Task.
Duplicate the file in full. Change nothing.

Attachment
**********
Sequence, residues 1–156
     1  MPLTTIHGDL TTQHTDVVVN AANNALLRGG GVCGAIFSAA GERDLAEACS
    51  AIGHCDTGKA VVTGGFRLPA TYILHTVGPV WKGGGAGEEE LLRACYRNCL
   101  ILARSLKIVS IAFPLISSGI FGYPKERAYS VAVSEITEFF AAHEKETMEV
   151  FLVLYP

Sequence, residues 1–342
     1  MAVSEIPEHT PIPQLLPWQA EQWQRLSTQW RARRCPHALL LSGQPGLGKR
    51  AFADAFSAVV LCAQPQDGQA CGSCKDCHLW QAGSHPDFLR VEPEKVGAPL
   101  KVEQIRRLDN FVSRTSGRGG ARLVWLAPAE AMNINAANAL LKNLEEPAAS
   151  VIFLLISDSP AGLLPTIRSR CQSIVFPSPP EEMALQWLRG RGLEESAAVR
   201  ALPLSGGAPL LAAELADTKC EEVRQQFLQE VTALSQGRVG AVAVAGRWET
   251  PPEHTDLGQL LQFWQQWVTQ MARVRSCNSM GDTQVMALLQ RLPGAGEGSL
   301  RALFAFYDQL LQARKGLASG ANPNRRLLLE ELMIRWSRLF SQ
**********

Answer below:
Sequence, residues 1–156
     1  MPLTTIHGDL TTQHTDVVVN AANNALLRGG GVCGAIFSAA GERDLAEACS
    51  AIGHCDTGKA VVTGGFRLPA TYILHTVGPV WKGGGAGEEE LLRACYRNCL
   101  ILARSLKIVS IAFPLISSGI FGYPKERAYS VAVSEITEFF AAHEKETMEV
   151  FLVLYP

Sequence, residues 1–342
     1  MAVSEIPEHT PIPQLLPWQA EQWQRLSTQW RARRCPHALL LSGQPGLGKR
    51  AFADAFSAVV LCAQPQDGQA CGSCKDCHLW QAGSHPDFLR VEPEKVGAPL
   101  KVEQIRRLDN FVSRTSGRGG ARLVWLAPAE AMNINAANAL LKNLEEPAAS
   151  VIFLLISDSP AGLLPTIRSR CQSIVFPSPP EEMALQWLRG RGLEESAAVR
   201  ALPLSGGAPL LAAELADTKC EEVRQQFLQE VTALSQGRVG AVAVAGRWET
   251  PPEHTDLGQL LQFWQQWVTQ MARVRSCNSM GDTQVMALLQ RLPGAGEGSL
   301  RALFAFYDQL LQARKGLASG ANPNRRLLLE ELMIRWSRLF SQ